(7) Failure to wear a safety belt in violation of this section may be considered evidence of negligence and may reduce the recovery for damages arising out of the ownership, maintenance, or operation of a motor vehicle. However, that negligence shall not reduce the recovery for damages by more than 5%.

    (8) A person who violates this section is responsible for a civil infraction.

    (9) A law enforcement agency shall conduct an investigation for all reports of police harassment that result from the enforcement of this section.

    (10) The secretary of state shall engage an independent organization to conduct a 3-year study to determine the effect that the primary enforcement of this section has on the number of incidents of police harassment of motor vehicle operators. The organization that conducts the study shall submit a report to the legislature not later than June 30, 2001 and an annual report not later than June 30 each year thereafter.

    (11) The secretary of state shall promote compliance with the safety belt requirements of this section at the branch offices and through any print or visual media determined appropriate by the secretary of state.


    (12) It is the intent of the legislature that the enforcement of this section be conducted in a manner calculated to save lives and not in a manner that results in the harassment of the citizens of this state.

    (13) Points shall not be assessed under section 320a for a violation of this section.
    Now with section G being said, the newspaper delivery people use their own personal vehicles for their newspaper routes, and write off all vehicle expenses at the end of the year as a business expense.

    Obviously it would take a newspaper person 2-3 times longer to finish their routes if they were required to belt up between every single one of their 250+ customers.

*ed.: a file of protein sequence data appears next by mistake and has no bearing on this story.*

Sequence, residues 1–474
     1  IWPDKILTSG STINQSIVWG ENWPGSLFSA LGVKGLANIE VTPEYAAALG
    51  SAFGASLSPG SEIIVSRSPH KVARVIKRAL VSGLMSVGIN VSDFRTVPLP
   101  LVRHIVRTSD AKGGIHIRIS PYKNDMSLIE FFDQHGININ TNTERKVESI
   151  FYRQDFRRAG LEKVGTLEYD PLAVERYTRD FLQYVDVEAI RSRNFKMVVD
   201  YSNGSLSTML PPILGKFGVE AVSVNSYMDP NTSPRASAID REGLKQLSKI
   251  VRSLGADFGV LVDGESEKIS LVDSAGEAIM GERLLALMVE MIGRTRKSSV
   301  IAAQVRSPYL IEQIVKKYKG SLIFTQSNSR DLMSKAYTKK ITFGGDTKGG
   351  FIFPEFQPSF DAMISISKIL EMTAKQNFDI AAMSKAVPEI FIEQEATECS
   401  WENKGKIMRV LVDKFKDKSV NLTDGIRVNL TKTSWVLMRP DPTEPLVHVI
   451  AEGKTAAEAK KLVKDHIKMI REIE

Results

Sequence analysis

Can anyone advise me if there is a different, more appropriatly worded traffic code exemption that would apply to delivery personal, if one exists?

    Thanks,
    Contact
    A true soldier fights not because he hates what is in front of him, but because he loves what is behind him.

    -GK Chesterton

  • #2
    Someone driving around a paper route delivering papers in their POV is not a commercial vehicle. All of our paper delivery guys that drive around in their POVs drive like idiots, and every now and then they get tickets. The ones that drive around to the different gas stations and such delivering papers are generally quite nice. Was he ticketed while in a residential area, or out on the highway? I'd give leeway to someone in a residential area not wearing the seat belt if they were actually expected to get out of their cars and put the paper by the door step... but I've never seen that. You don't need to take your belt off to throw the paper out the window.

    Comment


    • #3
      Originally posted by Contact View Post
      anyone advise me if there is a different, more appropriatly worded traffic code exemption that would apply to delivery personal, if one exists?
      Michigan Attorney General's Opinion #6364says "It is my opinion, therefore, that...rural newspaper carriers utilizing their own vehicles to deliver newspapers and making frequent stops are exempt from the provisions of MCL 257.710e; MSA 9.2410(5)."

      A bill to amend sec. 710e of 1949 PA 300 (MCL 257.7as been intoduced in your legislature.

      Comment


      • #4
        Originally posted by StudChris View Post
        Someone driving around a paper route delivering papers in their POV is not a commercial vehicle. All of our paper delivery guys that drive around in their POVs drive like idiots, and every now and then they get tickets. The ones that drive around to the different gas stations and such delivering papers are generally quite nice. Was he ticketed while in a residential area, or out on the highway? I'd give leeway to someone in a residential area not wearing the seat belt if they were actually expected to get out of their cars and put the paper by the door step... but I've never seen that. You don't need to take your belt off to throw the paper out the window.